Misty morning golf
own cowboy outfit, (I had my hat ready and waiting for the big event) camp in your tent or hold your company conference - and it’s miles from anywhere. More than 50 miles from the east coast and double that from the west! By the way, if you really want to live it up, you can indeed pay your $80 and pitch your motorcoach by the marina, moor your boat at your own private dock and watch the sun go down over the Kissimmee River. It must have been my posh English accent that led the receptionist to think I wanted the upmarket resort version! We did get to play golf, bright and early in the misty morning light before the sun popped over the stables.
Loyalty to the flag and devotion to religion play their part in everyday life here, holding together the delicate fabric of an insecure nation. The stars and stripes appear on every government building: in the gardens of many homes and even around our campsites. Churches line every city and touch every town. The Rodeo started with a charge of horses around the ring: out in front the lead rider in full cowboy rig
carried a huge Stars and Stripes - followed closely by four others each with their own flag, GOD, BLESS, THE, USA. The crowd rose in a show of respect, and joined in prayer, heads bowed, for ‘Our Troops’. The process was repeated before we left the arena later that evening. Bob and Laura drove the fifty miles from their home to River Ranch to join us for dinner, and watch the rodeo. It was a great night: the enormous bulls bucked and snorted as they left the gates, the cowboys stuck like rag-dolls with glue for seconds or microseconds, the steers ran and the lariats flew, the whips cracked, the red dust rose, the cowgirls raced around the ring - and the audience clapped and stamped their feet! Yee - Ha!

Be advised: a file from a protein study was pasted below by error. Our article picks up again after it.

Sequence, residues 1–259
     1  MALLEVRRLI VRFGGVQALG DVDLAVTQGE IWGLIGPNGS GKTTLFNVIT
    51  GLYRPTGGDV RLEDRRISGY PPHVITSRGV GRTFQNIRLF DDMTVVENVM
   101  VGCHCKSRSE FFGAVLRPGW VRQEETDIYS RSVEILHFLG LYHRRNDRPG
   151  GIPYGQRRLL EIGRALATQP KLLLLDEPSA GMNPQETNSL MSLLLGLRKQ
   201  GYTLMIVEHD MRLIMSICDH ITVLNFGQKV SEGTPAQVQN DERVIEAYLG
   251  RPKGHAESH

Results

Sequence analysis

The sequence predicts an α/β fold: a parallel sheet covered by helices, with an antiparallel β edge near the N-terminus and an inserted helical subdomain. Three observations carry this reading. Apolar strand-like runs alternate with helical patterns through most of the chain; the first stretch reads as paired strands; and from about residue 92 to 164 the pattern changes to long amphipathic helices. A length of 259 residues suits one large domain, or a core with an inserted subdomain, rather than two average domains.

It was good to see that some of the rodeo contestants had the sense to wear crash helmets in the ring. I don’t know about ‘crackers.’ Personally, I think they’re nuts! (It is also somewhat disconcerting that motorbike riders are not required to wear helmets in many of the States.)
This week we celebrated our 365th day in North America, crossing the estuary of the Suwannee River as
we turned westward - towards Florida’s Panhandle and the next phase of our adventure; the road across the south, to Alabama, Mississippi, Louisiana - and Texas. See you there!
David and Janice. The grey-haired-nomads
PS. Were you able to ‘name that tree’? (Newsletter 31) It was a mahogany tree!